The crew behind last year's "Nitro" industrial espionage attacks are among hackers exploiting the two potent Java security vulnerabilities patched this week.
The team, which attempted to lift sensitive blueprints from companies by compromising workers' computers, is now using holes in Oracle's software to install Poison Ivy on victims' Windows machines, Symantec reports. A malicious Java applet bypasses security checks to execute the Poison Ivy malware that opens a backdoor on infected PCs to allow a remote malicious user to gain control of the system.
The latest wave of attacks rely on the same command servers and involve components with the same file names as last year's assault, which targeted chemical industry giants and defence contractors. A 20-something Chinese bloke dubbed Covert Grove was accused by Symantec [PDF] of being involved in that 2011 campaign as the attacks were traced back to his server. There's more on the Nitro attack in this analysis by Trend Micro.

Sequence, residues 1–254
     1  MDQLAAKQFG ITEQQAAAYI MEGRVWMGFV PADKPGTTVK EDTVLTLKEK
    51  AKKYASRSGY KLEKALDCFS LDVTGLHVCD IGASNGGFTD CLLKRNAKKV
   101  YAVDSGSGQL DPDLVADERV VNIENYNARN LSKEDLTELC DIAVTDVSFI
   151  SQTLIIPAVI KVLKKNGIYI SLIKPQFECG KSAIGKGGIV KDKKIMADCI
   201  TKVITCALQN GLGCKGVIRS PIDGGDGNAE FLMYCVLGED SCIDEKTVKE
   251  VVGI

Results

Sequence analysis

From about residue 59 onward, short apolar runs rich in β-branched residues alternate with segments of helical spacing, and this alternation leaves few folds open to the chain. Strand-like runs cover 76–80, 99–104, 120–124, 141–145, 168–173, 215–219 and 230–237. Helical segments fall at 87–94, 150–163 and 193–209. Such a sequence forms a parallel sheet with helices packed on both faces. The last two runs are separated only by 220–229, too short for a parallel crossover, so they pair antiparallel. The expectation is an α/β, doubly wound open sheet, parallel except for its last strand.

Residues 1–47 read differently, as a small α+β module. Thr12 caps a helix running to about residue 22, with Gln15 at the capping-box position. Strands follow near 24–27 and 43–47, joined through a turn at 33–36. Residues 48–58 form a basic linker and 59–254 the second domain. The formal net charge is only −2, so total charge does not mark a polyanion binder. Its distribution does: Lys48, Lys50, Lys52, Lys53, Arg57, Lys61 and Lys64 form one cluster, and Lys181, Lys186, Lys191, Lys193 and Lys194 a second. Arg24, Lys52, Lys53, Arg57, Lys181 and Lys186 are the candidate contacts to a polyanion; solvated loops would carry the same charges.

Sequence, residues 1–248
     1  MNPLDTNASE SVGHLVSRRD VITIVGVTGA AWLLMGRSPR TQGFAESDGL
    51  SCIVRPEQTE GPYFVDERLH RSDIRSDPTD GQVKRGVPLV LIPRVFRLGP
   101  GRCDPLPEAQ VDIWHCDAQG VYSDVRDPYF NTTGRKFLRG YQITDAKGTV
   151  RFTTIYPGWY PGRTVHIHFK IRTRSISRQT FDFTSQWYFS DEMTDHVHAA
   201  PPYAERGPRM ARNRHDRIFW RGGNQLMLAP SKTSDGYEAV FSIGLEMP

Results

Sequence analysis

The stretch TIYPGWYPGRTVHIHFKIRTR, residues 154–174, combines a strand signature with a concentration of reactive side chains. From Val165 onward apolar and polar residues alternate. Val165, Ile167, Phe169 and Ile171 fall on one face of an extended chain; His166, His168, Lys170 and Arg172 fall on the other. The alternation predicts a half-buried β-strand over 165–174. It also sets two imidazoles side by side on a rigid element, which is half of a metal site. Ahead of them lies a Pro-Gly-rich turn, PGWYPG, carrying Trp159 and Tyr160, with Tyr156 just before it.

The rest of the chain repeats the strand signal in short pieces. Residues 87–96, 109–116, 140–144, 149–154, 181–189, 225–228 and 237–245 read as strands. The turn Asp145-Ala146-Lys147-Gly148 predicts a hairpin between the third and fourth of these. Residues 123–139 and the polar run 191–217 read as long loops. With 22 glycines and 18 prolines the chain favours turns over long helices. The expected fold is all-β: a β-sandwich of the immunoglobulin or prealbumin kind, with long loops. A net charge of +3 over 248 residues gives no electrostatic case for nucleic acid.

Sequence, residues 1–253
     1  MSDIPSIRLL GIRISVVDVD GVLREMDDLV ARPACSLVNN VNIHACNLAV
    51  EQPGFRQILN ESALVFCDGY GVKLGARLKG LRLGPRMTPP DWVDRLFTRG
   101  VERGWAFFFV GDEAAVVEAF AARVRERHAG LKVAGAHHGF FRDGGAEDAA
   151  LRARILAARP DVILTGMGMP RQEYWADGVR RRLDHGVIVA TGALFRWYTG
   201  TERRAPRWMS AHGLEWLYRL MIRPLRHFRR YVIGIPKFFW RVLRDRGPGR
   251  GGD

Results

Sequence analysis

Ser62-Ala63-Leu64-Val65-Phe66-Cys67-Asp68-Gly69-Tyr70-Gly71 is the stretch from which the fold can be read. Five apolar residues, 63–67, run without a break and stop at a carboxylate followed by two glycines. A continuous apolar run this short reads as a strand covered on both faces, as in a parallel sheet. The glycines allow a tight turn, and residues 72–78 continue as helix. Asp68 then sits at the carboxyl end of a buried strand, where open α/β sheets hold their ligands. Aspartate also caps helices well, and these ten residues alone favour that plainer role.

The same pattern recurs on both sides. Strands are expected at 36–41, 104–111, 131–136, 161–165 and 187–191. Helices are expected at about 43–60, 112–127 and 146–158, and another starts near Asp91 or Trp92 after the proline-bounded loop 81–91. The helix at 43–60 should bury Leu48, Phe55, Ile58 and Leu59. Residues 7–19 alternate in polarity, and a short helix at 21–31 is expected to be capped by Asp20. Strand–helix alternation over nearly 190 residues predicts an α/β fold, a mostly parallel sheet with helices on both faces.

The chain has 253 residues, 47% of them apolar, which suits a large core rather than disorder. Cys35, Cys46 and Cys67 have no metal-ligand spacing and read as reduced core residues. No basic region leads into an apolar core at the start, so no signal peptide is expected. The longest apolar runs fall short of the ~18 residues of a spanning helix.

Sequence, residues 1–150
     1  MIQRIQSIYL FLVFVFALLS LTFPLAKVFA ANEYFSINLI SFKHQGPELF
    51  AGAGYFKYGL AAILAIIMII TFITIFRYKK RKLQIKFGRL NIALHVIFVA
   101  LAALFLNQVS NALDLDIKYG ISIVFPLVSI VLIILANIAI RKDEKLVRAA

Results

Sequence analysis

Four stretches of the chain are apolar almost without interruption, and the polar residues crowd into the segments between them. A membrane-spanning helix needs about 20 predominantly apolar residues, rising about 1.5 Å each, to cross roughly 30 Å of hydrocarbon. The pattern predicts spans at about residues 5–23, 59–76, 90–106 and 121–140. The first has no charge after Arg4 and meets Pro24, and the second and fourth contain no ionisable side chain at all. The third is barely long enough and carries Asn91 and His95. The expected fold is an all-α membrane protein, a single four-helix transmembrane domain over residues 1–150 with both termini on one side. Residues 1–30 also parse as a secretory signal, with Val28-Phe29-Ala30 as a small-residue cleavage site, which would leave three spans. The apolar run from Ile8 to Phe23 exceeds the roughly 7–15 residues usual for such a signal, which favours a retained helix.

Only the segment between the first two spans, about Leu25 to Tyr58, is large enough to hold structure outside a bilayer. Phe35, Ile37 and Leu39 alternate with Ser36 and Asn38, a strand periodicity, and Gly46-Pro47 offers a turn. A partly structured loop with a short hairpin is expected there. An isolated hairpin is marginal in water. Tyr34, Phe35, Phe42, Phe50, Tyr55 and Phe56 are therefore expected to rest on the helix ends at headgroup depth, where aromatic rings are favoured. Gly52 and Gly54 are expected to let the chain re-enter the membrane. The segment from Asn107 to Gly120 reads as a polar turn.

Now that source code exploiting the new Java vulnerabilities is in the wild, it won't just be the Nitro team seizing upon it to execute arbitrary software on victims' machines. For example, code taking advantage of the holes has been added to the BlackHole exploit tool kit, which infects vulnerable computers when a punter visits a booby-trapped web page.
In addition, Sophos has intercepted spam emails purporting to be from the Dutch branch of the accountancy firm BDO Stoy Hayward that attempt to trick marks into running the Java attack code. The dodgy emails, which unusually include the exploit script in the body of messages, pose as communiques in Dutch about a rise in tax rates. ®